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Bank of Japan board at loggerheads on next policy move: Jan meeting minutes

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Bank of Japan policymakers disagreed on how quickly the central bank should ramp up monetary stimulus, minutes of their January rate review showed, as heightening overseas risks threatened to derail the country's fragile economic recovery.

[TOKYO] Bank of Japan policymakers disagreed on how quickly the central bank should ramp up monetary stimulus, minutes of their January rate review showed, as heightening overseas risks threatened to derail the country's fragile economic recovery.

While most members agreed it was appropriate to maintain the BOJ's current stimulus programme, one of them said the central bank must stress its readiness to take "quick, flexible and bold" action including additional easing, the minutes released on Wednesday showed.

"Given the timing of achieving the price target had been delayed, it was undesirable to adopt a stance of not taking action until a serious crisis occurred," the member was quoted as saying at the January meeting.

Another member, however, said acting too hastily during times of uncertainty could lead to financial imbalances and unnecessary swings in the economy, the minutes showed.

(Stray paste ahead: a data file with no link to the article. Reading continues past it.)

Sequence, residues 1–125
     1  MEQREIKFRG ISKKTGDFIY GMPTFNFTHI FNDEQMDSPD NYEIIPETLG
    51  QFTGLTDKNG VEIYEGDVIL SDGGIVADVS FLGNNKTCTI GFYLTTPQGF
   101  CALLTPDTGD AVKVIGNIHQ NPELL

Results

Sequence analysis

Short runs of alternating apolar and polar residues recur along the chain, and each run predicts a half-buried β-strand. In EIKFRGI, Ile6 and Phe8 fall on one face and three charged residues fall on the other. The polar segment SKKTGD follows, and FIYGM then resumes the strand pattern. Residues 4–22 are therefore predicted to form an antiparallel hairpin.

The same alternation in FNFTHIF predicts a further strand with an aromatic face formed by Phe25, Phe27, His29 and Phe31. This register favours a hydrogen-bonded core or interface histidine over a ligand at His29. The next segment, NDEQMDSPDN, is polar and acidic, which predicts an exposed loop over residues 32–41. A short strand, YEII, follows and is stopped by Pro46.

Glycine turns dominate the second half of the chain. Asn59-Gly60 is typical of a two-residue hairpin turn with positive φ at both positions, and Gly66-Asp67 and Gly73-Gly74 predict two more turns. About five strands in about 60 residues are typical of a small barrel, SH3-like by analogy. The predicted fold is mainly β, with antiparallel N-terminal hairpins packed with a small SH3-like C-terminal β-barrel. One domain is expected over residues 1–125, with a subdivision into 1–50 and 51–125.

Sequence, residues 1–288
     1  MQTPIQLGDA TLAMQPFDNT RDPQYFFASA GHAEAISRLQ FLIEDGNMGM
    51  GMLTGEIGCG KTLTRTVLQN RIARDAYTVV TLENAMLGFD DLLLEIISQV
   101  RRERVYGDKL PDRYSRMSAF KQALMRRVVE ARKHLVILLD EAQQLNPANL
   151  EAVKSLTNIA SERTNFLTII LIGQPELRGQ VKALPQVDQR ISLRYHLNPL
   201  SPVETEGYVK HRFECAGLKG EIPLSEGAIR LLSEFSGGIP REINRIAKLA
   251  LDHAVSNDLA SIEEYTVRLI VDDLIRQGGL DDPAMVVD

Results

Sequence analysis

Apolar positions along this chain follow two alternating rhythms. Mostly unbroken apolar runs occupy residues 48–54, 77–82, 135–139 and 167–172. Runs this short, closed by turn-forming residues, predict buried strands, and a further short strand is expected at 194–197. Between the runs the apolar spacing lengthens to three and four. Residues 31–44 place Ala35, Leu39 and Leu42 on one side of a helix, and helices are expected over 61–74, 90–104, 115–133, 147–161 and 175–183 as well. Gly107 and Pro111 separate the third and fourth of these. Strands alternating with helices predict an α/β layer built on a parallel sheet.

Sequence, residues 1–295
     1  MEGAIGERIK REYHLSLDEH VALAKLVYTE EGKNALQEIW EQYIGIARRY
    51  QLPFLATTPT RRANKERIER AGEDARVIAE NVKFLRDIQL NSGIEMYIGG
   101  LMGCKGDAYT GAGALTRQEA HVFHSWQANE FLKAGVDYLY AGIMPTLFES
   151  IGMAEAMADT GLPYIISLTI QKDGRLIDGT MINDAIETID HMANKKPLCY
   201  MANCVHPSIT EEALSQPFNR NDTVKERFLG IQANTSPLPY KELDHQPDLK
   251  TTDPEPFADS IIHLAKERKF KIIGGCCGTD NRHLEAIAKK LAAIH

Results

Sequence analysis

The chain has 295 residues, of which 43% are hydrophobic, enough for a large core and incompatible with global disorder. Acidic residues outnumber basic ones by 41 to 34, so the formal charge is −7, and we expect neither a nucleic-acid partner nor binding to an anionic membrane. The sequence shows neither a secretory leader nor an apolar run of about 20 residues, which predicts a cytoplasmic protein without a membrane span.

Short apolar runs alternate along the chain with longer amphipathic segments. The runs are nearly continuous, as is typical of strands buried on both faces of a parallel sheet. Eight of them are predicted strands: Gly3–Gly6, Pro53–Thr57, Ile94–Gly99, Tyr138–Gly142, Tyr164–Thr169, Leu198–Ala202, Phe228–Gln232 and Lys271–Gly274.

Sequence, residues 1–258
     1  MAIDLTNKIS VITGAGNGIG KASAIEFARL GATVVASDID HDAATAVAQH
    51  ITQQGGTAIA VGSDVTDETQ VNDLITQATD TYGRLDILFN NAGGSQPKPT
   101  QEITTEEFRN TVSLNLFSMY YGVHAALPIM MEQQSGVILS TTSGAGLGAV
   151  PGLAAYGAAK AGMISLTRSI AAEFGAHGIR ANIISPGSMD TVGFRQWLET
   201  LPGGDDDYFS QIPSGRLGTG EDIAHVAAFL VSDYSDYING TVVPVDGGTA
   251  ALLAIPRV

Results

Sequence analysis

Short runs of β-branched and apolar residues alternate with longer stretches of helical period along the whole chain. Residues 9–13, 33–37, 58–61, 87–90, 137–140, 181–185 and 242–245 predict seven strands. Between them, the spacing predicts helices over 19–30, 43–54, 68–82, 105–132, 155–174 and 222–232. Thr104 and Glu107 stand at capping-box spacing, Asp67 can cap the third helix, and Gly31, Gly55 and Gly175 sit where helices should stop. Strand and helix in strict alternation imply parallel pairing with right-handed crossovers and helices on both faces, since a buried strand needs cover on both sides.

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Some in the nine-member board also warned that an increasing number of regional banks could be taking excessive risks to secure profits as years of ultra-low interest rates hurt their bottom line.

While many members agreed that the benefits of the BOJ's policy exceeded the costs, the board debated effectiveness of the current programme in lifting prices.

One member said the BOJ's current yield curve control (YCC) policy has had only a limited impact in boosting prices and inflation expectations.

"This member said further analysis and consideration were needed on the relationships between inflation and the levels of interest rates or monetary base," according to the minutes.

At the January meeting, the BOJ kept unchanged its pledge to guide short-term interest rates at minus 0.1 per cent and long-term rates around zero per cent.

REUTERS